$ etcd --name default --listen-client-urls http://localhost:2379  --advertise-client-urls http://localhost:2379 --listen-peer-urls http://localhost:2380
etcd up!

This will run etcd in the foreground. Leave it there and start up another terminal session

Step 5: Confirm snapshot actually worked

Now I have all the data from my client running on my laptop, thanks to the simple snapshot capability of etcd

Let’s see what’s inside.

$ etcdctl get / --prefix --keys-only

You should see lots and lots of keys

This is how many I see

$ etcdctl get / --prefix --keys-only | wc -l

I am interested in is everything in the namespace/project “openshift-infra”

Let’s see if there is data for that namespace/project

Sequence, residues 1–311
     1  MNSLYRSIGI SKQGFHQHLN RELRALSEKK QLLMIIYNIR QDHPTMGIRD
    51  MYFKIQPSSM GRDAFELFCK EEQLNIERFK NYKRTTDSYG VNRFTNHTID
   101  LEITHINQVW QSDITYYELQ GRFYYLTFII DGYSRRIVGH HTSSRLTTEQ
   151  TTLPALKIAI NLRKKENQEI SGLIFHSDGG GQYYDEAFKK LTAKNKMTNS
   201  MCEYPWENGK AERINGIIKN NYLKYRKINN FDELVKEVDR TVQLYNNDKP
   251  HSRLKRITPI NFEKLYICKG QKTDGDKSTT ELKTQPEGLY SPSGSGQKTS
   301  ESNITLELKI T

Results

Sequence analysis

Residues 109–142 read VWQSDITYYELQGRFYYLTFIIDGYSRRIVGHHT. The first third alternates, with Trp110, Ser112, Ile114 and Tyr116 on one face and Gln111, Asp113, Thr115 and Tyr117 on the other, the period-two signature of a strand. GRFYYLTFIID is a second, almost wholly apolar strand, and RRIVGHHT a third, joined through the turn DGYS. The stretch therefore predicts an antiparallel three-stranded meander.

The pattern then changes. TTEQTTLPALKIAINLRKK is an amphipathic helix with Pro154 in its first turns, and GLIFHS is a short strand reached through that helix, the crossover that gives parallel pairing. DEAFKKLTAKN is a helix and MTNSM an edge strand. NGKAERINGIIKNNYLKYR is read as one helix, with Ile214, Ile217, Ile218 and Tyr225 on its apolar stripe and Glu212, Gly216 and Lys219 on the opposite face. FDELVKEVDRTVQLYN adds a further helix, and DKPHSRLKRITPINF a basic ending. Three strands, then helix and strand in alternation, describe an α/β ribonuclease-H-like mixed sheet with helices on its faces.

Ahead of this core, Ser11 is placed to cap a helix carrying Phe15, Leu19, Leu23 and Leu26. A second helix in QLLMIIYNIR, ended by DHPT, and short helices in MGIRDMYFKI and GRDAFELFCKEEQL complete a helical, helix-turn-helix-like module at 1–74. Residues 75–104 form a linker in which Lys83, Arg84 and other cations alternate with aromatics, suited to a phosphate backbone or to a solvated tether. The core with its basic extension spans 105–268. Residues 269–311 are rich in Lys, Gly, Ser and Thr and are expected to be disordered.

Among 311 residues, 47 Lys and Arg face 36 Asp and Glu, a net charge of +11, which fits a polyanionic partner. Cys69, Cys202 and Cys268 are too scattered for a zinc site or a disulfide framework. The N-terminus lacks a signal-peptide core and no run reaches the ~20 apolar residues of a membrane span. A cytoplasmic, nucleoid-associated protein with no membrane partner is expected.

$ etcdctl get / --prefix --keys-only  | grep openshift-infra/

There we go baby! Some sweet sweet data.

Step 6: Get the exact data we want

Now that we can see our data, I want to only extract exactly what we need. In my case it is the secrets in the namespace/project “openshift-infra”. You might need persistent volumes, or config maps, it doesn’t matter the resource as the procedure is the exact same.

In this example I am going to pick on one secret to demonstrate how we do this: the default secret

The default secret is part of every single namespace that gets created in Kubernetes.

$ etcdctl get / --prefix --keys-only  | grep openshift-infra | grep secret | grep default/

We are going to inspect: /

$ etcdctl get /

You should see something like this (this is from a test cluster, so these certificates you see are useless, in case you are concerned for me)

Alright then! We can see data!! But… I wish it was that simple…